So far this season has been all about the relatively non-violent confrontations that started with Hank and Walt meeting in the garage in the premiere, Marie and Skylar at the White residence and now the public meeting at Garduños – along with Jesse and Walt’s meeting in the desert. Each made a point to prove the tension between its characters is far more potent than the violence – assuming no one will kill their others. Let’s look at each confrontation by themselves.
Since establishing their positions in the past two episodes, it makes sense that the four members of the White/Schrader clan would meet in a local restaurant – with table side guac that they make at the table. The White’s wearing the blandest, most conservative of beige’s while Hank and Marie donned their darkest black’s and purples as a clever play on the classic white vs. black hat heroes and villains of classic westerns. After Dean and Marie refusing the White’s request to back off because it’s all over – not to mention Marie saying she’d consider it if Walt sent himself to Belize – Walt drops the last hammer, a confession saying Hank forced him to cook meth, making full use of the sympathies granted to cancer victims.
“Breaking Bad,” is known for using even the smallest of story threads to their end though it’s use of Walt and Skylar funding Hank’s physical therapy seems to be the least likely to have been planned since Season 3. While it doesn’t help that Marie took the money, I would imagine – with an understanding of our justice system at a third-grade level – that the Schrader’s would have some level of plausible deniability. Also, if Hank was running a meth operation, wouldn’t he have the money to pay for it himself of which he would grant Walt access for this purpose?
Either way, Hank and Marie’s viewing party as both the audience and the Schrader’s learn the true nature of Walt’s “Confession” is the standout that tops both the Garduños and desert meeting. Seeing the couple’s different reactions – Marie’s terror, Hank’s Anger – is as telling about Hank’s control as much as their personality. Admittedly, Marie is still coming to terms with Hank’s true colors.
Less surprising was the re-emergence of Walt poisoning Brock at the end of season 4. In my first recap of the final eight, I incorrectly guessed that Hank’s discovery drove him to wreck the White house never seeing that their were two revelations – the other being the discovery that Walt let Jane die – that would drive Jesse into pure madness.
With Jesse dumping champagne over the White residence and Todd getting back into the meth game, it’s only a matter of time before Heisenberg has to off someone. With his confession likely putting any meetings with Hank and Marie on hold, leaving Jesse, Todd, Saul and Lydia as his only options. The peace has to come to an end sooner or later.
Hey, this is a recap so there are spoilers for last night’s episode and past seasons of “Breaking Bad” so if you haven’t seen every episode, catch-up and come back.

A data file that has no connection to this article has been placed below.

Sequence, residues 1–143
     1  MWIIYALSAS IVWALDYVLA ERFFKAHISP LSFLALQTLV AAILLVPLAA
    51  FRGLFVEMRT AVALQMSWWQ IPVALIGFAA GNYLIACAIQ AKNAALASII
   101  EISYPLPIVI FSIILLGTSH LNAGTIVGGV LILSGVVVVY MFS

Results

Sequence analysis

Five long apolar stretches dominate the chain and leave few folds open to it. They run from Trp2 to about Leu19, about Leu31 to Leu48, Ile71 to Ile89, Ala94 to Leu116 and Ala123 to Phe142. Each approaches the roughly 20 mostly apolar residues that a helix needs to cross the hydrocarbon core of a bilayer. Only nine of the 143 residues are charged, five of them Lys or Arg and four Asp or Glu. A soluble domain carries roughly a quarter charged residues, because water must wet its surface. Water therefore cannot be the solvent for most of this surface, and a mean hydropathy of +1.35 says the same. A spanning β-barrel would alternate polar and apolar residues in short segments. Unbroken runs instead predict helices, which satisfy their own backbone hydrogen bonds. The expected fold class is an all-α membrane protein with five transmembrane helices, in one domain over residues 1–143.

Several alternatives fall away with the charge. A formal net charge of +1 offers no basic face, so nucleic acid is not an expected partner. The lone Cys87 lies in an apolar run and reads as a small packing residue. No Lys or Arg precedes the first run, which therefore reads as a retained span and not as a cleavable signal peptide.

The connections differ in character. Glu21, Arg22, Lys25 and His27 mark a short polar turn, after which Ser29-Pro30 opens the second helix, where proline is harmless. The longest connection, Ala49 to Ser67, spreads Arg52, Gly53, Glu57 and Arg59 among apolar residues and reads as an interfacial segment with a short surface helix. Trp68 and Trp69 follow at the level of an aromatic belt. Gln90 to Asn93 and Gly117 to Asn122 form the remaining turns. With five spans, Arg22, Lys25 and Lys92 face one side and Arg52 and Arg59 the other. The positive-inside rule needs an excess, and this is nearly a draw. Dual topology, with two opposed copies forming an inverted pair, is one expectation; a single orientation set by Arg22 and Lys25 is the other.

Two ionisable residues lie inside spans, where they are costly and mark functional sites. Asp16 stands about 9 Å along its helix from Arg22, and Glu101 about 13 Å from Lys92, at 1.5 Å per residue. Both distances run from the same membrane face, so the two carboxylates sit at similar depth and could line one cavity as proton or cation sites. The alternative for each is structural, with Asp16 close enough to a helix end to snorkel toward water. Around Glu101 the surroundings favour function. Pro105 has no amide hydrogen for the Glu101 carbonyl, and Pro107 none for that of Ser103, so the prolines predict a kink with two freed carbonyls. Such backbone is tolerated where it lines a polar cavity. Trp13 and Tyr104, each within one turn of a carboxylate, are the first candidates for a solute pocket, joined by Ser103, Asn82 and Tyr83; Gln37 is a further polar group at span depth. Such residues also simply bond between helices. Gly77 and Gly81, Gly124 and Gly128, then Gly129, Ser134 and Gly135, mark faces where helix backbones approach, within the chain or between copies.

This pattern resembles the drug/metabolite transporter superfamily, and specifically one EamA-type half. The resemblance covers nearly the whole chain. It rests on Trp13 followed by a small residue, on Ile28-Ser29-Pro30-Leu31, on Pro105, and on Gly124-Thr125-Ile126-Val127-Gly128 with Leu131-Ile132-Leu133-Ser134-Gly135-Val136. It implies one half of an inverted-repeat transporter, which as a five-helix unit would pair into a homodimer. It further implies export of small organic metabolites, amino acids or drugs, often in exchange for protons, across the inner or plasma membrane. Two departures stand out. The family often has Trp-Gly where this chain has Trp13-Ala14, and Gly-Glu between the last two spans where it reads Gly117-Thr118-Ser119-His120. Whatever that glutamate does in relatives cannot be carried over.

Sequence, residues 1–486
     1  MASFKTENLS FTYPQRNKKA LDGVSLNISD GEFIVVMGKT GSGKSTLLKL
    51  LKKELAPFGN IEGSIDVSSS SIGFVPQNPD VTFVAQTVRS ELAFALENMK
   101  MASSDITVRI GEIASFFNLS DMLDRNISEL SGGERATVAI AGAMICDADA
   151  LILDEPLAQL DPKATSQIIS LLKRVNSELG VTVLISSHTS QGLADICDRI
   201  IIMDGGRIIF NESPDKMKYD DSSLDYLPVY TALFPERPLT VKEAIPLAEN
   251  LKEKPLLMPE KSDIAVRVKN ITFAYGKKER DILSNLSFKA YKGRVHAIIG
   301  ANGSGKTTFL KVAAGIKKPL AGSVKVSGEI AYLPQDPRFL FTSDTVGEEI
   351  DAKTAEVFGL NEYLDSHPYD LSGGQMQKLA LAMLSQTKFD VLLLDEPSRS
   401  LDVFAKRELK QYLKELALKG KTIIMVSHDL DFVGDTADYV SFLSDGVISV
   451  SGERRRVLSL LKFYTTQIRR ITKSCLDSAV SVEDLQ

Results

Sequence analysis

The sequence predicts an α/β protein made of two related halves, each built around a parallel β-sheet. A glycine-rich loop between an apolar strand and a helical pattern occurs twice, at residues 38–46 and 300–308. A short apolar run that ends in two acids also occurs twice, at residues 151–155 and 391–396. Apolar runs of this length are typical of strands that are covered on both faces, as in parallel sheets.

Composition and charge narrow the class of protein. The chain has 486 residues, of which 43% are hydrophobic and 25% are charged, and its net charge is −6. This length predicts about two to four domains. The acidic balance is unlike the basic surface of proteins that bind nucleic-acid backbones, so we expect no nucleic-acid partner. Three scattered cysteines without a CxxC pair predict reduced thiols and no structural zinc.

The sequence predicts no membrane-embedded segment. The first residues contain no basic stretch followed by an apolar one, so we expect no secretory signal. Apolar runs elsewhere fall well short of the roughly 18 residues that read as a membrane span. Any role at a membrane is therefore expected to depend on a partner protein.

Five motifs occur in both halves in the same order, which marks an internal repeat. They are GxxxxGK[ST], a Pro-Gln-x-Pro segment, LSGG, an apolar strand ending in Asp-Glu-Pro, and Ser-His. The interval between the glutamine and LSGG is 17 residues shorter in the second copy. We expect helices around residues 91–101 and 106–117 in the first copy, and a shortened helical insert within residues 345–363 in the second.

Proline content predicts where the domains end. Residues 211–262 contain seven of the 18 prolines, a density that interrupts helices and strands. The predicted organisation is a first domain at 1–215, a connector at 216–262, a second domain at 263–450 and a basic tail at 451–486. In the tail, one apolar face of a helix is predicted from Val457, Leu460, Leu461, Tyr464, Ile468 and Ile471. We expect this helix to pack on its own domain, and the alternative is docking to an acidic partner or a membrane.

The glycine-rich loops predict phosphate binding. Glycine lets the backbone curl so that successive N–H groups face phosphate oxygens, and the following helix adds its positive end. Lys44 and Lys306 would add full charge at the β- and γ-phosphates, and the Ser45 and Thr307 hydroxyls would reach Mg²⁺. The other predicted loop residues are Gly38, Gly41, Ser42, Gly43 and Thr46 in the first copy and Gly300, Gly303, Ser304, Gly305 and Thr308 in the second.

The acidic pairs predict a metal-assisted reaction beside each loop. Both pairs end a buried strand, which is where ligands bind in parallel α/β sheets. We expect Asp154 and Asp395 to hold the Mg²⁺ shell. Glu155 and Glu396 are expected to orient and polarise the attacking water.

It’s no surprise that “Buried,” doesn’t pack the dramatic-punch of “Blood Money.” Tonally, it was the true “first episode” of this half-season where the show readjusted for the direction and character dynamics of these final episodes. This marked by the opening scene where the old man stumbles on the money Jesse started throwing out of his car to then find Jesse back in his trance only to disappear until the final scene – much like the kid from the train robbery. Having is conversation with Hank pushed till next week was a welcomed contrast to last week’s showdown.
As for those new dynamics, its even more clear this is going to be as much Hank and Marie’s season as it is Hank, Skylar and Jesse as was truly evident in the focus on Hank and Marie’s drive home from the White house. They have also taken the active role with a clear goal for the season whereas Walt and Skylar’s path are now a mystery, though that’s been one of the more compelling mysteries of this season.
Also slowing things down, Walt spent the majority of the episode digging holes for the storage locker money which is great because we needed to get up to speed on everyone else – except for Walt Jr./Flynn who was absent from this episode. Skylar, could have gone a number of ways when Hank confronted her with his discovery. Kudos to Anna Gunn who kept her intentions well hidden during her conversation with hank all through to the her home visit from Marie. With the reputation Skylar has built with fans as a nucience to Walt’s empire building, it’s surprising she didn’t drop Hank entirely. Then again, if I had a enough cash for Scrooge McDuck’s jacuzzi, I’d play the Tammy Wynette role as well.
We also caught up with Lydia who is set on fixing her own problems by any means necessary, even if it mean’s hiring Todd’s uncle and friend’s to send her current crew on an all-inclusive, one-way trip to Belize. Aside from pleasantly surprising fact that Jesse Plemmons has had one of the successful careers of the Dillon Alumni, it was important that we caught up with him after he was absent last week. While I would have loved to see him nearly set the the train-car lab ablaze played to comedic effect, I’m sure we’ll see him continue add at least one more tear tattoo this year.
“Blood Money,” was an incredible hour of television and post script to last season but now were in full new season mode. Six episodes isn’t a a lot of time but its more than enough to allow us to reevaluate and recalibrate to the storylines of the season beyond “the end.”